Nepal | May 28, 2020

Kala-azar claims four lives in eight months

Himalayan News Service
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Kathmandu, August 5

Four persons have died of visceral leishmaniasis or kala-azar in the last eight months, according to Epidemiology and Disease Control Division. It said a total of 127 people had tested positive for the disease during the period.

The four persons who died from the disease were from Kathmandu, Palpa, Jumla and Bajura.

“We chose 12 districts initially to launch a pilot project for elimination of the disease. However, we had set out to undertake the task without necessary research. As kala-azar cases are increasing we have dropped the project and are instead focusing on diagnosis to reduce deaths from the disease,” said Dr Bibek Kumar Lal, director at EDCD.

According to WHO, for the elimination of disease, there should be less than one case in 10,000 people. However, 21 cases been diagnosed in Province 1, 23 cases in Province 2, seven in Province 3, two cases in Province 4, 28 cases in Province 5, 24 cases in Province 6 and 22 cases in Province 7.

“It is unlikely for us to achieve the target of eliminating the disease within this year. So we have instead shifted our focus on detecting the cases first,” added Dr Lal. EDCD said kala-azar cases were detected in 39 districts, which include hilly areas.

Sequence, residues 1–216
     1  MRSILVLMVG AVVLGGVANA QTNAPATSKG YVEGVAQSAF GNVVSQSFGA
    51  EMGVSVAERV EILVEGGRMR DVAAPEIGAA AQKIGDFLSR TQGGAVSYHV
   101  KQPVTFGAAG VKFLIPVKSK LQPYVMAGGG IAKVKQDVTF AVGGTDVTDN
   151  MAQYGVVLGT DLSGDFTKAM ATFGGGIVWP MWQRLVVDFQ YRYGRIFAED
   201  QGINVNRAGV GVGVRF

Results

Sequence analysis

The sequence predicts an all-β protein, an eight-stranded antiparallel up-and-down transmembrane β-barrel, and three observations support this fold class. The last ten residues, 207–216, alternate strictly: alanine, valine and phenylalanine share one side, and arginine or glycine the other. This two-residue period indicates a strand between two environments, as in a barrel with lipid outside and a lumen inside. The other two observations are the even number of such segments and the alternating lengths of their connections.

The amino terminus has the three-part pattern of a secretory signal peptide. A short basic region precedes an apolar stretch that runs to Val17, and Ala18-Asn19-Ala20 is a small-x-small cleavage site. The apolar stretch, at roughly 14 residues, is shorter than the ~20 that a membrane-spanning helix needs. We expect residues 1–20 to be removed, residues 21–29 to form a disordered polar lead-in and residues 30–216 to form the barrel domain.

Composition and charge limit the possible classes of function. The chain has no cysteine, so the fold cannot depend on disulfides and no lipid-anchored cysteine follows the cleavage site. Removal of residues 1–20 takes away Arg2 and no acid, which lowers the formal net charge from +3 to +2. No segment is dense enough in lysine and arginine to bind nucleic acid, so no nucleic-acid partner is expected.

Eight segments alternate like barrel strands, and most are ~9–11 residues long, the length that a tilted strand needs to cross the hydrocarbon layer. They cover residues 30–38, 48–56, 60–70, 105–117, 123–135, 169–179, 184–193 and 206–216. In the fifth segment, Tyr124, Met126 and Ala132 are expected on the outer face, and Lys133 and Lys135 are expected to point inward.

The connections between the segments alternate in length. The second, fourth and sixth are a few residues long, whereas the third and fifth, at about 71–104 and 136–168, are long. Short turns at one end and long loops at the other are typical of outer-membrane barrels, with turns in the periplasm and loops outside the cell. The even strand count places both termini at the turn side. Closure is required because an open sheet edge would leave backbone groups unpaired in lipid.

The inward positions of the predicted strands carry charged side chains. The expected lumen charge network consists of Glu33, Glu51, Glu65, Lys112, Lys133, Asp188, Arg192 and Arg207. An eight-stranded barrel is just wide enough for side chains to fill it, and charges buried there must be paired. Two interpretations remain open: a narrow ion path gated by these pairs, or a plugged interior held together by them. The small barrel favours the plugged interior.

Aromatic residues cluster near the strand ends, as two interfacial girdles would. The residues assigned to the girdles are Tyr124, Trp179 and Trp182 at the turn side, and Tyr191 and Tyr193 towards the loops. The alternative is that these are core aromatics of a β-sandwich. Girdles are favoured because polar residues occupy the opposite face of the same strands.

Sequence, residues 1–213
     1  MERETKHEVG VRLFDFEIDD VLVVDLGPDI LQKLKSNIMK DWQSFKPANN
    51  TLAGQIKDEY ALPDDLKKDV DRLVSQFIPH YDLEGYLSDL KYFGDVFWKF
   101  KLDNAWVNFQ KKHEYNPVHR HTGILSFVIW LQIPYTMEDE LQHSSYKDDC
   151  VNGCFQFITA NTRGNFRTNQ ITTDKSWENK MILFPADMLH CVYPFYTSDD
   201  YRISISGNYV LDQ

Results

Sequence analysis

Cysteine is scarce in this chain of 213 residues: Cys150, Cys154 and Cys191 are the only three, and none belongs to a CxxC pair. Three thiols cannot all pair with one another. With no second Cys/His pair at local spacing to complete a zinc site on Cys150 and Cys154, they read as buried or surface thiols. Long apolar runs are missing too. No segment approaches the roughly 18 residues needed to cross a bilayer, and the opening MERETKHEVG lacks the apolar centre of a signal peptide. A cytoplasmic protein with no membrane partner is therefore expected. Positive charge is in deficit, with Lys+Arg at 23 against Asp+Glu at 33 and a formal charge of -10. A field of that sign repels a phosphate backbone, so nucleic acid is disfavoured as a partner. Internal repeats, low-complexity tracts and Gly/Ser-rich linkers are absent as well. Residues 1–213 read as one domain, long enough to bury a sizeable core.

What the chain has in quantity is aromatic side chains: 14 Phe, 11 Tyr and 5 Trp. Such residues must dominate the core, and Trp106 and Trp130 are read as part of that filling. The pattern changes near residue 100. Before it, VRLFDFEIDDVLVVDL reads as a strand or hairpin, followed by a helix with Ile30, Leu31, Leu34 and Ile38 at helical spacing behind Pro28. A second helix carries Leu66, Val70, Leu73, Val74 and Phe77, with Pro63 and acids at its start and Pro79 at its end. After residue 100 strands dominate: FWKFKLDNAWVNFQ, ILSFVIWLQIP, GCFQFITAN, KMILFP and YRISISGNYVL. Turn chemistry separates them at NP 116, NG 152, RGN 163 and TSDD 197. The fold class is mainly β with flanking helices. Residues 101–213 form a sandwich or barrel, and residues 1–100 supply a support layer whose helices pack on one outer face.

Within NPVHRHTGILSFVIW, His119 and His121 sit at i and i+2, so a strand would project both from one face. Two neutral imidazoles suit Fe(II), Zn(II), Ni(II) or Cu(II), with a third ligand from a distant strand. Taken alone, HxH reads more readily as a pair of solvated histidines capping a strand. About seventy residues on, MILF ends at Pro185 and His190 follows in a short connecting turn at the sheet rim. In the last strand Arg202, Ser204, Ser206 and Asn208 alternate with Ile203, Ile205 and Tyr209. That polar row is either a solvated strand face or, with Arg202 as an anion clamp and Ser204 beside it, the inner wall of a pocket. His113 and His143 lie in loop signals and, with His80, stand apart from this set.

Dr Anup Bastola, spokesperson for Sukraraj Tropical Infectious Disease Hospital, said, kala-azar is a vector-borne disease caused by protozoan parasite Leishmania donovani and transmitted by the sandfly, Phlebotomus argentipes.

“The disease is characterised by prolonged fever, splenomegaly, anemia, and progressive weight loss and sometimes darkening of the skin. In the endemic areas, children and young adults are its principal victims. The disease can be fatal if not treated on time,” Dr Bastola said.

Enlarged lymph nodes are frequent in Sudanese VL patients Hyper-pigmentation, which probably led to the name kala-azar (black fever in Hindi), has only been described in VL patients from the Indian subcontinent.

As the disease advances, splenomegaly can increase, causing abdominal distension and pain, which is sometimes increased by concomitant hepatomegaly.


A version of this article appears in print on August 06, 2018 of The Himalayan Times.


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